In response to The Daily Post’s writing prompt: “Fight or Flight.”

Write about your strongest memory of a heart-pounding, belly-twisting nervousness: what caused the adrenaline? Was it justified? How did you respond?



Jeb Collier, was a 17 years old, standing 6’7″, 140 pounds, with beautiful strawberry colored hair and the face of a twelve-year-old. He enlisted in the US Army as a Military Policeman before he graduated high school and was scheduled to leave two weeks after his high school graduation.

Suzy Lovell, a pixie at 5’1, ” began dating Jeb in the seventh grade and were high school sweethearts after Jeb gave Suzy a promise ring during their sophomore year and were expected to marry before Jeb left for the Army’s basic training at Fort McClellan Alabama.

When Jeb was in the fifth grade, he stood 5’11 and weighed 95 pounds, so he was always taller than most of his elementary school classmates, and during the summer before he went to the sixth grade, he grew an astonishing 8 inches.

He suffered through years of name calling like “Red toothpick,” “Red Stick, ” and the one he hated the most, “Skinny Sickle. ”

Three weeks before his high school graduation Jeb signed a contract agreement to enter the US Army a week after his high school graduation. This was during the Korean Conflict. Jeb walked out of the recruitment office feeling proud and manly. He rode his bicycle into town and seeking out everyone who called him anything other than Jeb and starting physical fights.

He fought his two older twin sisters who showed him some mercy and three younger brothers, along with several close friends and enemies, who ridiculed and tormented him over the years.

These fights excited and impressed Suzy, who was overwhelmingly proud to be Jeb’s girlfriend.

You see, over the years, they talked about how Jeb should stand up to the people who called him names. For years Suzy repeatedly told him, he needed to demand the respect, he deserved.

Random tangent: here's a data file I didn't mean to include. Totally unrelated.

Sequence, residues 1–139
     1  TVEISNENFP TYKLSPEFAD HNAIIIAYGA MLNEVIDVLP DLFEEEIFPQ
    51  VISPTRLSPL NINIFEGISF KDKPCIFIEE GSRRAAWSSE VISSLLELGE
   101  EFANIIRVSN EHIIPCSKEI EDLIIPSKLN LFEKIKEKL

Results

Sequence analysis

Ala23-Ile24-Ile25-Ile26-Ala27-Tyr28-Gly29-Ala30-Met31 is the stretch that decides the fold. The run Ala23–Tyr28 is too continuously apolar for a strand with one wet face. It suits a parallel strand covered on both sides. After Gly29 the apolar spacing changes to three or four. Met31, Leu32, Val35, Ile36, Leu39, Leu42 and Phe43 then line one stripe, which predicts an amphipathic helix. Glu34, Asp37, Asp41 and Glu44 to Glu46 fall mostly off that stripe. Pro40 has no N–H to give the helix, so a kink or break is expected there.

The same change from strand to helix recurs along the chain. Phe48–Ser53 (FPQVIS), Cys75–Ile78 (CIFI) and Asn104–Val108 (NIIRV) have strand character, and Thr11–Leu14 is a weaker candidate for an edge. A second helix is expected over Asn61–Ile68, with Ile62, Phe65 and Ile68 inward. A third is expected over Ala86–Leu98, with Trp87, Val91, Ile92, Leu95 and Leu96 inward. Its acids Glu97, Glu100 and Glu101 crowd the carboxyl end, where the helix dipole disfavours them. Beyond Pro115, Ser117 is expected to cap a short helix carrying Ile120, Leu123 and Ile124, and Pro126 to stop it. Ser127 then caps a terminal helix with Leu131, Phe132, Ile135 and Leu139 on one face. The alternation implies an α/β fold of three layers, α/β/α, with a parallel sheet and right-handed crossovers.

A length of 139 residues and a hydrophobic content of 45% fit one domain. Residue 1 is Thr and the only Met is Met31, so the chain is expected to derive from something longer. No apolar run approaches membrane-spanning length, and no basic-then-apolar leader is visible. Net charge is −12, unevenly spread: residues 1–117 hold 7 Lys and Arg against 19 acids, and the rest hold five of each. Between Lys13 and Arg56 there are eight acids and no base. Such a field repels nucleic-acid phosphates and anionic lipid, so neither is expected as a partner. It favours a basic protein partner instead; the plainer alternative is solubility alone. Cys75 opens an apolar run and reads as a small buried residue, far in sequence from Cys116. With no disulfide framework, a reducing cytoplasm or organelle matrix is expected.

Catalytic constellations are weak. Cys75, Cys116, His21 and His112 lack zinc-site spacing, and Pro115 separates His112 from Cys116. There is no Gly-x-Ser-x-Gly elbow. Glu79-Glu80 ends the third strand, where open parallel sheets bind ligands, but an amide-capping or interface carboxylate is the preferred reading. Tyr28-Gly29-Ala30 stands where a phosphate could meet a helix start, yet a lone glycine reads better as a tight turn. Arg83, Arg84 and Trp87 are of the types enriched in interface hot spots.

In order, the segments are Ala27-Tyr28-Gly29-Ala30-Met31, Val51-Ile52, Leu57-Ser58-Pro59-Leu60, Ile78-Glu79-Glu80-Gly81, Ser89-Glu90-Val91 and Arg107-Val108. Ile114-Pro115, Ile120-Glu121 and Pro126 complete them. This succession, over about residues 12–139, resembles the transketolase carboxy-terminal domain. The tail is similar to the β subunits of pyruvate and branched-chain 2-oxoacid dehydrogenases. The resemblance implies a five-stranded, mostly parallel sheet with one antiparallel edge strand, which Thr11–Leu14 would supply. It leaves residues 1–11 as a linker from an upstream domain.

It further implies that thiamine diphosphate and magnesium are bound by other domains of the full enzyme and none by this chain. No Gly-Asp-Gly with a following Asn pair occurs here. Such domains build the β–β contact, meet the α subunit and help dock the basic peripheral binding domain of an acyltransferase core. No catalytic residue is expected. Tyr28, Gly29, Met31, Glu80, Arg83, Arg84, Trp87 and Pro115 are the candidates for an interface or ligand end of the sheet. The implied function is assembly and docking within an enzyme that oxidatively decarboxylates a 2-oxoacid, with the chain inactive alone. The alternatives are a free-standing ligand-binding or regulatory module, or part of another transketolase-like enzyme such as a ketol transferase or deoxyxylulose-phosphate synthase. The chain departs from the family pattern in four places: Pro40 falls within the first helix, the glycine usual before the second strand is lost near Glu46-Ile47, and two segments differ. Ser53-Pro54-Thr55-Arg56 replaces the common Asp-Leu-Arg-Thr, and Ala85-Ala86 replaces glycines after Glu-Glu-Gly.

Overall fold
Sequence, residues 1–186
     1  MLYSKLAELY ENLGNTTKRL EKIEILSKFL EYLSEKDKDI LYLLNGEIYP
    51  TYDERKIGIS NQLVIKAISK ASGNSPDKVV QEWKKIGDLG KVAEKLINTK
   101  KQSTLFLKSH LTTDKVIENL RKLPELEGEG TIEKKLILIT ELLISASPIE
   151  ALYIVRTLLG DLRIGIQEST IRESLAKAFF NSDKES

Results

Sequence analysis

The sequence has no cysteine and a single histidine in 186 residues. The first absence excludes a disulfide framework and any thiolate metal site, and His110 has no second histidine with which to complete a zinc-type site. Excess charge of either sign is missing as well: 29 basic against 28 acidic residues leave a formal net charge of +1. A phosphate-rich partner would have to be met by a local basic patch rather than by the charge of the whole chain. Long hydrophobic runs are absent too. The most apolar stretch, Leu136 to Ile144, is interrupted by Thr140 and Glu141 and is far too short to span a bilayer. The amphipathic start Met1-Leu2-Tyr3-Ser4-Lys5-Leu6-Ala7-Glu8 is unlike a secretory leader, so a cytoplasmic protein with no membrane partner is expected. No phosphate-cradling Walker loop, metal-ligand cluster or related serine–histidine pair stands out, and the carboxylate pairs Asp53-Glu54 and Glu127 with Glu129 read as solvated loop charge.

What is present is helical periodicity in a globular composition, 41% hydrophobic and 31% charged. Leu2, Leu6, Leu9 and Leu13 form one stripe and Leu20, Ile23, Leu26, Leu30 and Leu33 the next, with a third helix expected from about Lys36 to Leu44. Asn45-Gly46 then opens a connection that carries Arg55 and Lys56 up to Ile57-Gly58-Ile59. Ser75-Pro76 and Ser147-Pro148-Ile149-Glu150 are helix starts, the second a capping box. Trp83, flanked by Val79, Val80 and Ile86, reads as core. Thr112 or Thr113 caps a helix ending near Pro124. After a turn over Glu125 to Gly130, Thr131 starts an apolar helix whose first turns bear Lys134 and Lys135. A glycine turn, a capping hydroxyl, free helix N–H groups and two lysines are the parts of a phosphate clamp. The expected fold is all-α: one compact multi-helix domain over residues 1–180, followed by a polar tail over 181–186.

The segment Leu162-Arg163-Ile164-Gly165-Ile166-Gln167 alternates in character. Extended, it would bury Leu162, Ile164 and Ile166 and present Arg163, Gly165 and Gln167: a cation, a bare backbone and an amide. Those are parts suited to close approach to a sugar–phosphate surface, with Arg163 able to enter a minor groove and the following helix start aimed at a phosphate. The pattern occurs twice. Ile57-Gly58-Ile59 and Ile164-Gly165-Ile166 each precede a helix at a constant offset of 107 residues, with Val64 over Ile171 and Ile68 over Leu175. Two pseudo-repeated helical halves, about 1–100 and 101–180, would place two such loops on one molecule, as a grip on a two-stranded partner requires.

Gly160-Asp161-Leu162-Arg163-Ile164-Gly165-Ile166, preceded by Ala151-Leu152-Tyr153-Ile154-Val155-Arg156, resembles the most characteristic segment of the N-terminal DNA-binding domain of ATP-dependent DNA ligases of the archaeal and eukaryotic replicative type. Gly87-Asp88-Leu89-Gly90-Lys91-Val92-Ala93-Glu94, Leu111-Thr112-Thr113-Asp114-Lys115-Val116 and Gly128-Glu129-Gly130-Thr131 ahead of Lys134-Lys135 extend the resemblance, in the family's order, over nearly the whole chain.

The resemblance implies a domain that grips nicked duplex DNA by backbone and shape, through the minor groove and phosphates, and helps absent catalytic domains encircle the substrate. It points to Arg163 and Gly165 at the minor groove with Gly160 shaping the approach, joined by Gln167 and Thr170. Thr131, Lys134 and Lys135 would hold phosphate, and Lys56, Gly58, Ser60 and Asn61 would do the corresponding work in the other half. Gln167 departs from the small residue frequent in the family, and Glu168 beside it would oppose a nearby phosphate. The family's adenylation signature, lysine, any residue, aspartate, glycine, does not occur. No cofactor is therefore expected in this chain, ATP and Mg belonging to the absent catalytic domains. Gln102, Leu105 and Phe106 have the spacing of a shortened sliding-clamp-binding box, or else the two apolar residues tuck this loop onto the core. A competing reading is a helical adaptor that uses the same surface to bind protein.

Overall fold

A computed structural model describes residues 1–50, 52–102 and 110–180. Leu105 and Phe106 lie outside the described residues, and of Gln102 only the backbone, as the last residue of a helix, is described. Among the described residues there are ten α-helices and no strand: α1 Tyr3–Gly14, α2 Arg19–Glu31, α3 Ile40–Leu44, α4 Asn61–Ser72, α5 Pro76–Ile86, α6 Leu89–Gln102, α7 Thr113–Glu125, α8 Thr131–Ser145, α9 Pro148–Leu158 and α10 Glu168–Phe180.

After all of the fights, Jeb suffered some bruises but gained a sense of respect from all who lived in the small coal-mining town of 300, in Putney Kentucky.

Two days after their graduation, Jeb and Suzy, hiked along a familiar trail to view the sunset from a nearby mountaintop. For years, they have taken the hike, to see the beauty of nature, talk and most importantly to find privacy to take part in a little heavy petting.

As the sunset on the horizon silhouetting the Kentucky Mountains in colors of reds and pinks against the clouds. The two walked hand and hand along the trail towards their homes in the valley.

After several yards, they heard noises of rustling trees and the crunch of leaves coming from the wood line.

They thought it might be their friends attempting to scare them. So they yelled the names of friends they assumed were trying to frighten them. No one acknowledged as the noises continued.

Fear began swelling within them both on the darkening trail, so they held one another’s hands tighter while walking faster.

Their fear grew dreadful, as the rustling in the woods continued with Jeb’s long strides outpacing Suzy who was trying to keep up while holding his hand. Suzy could hear and feel her heart pounding, as tears streamed down her cheeks while being dragged by Jeb.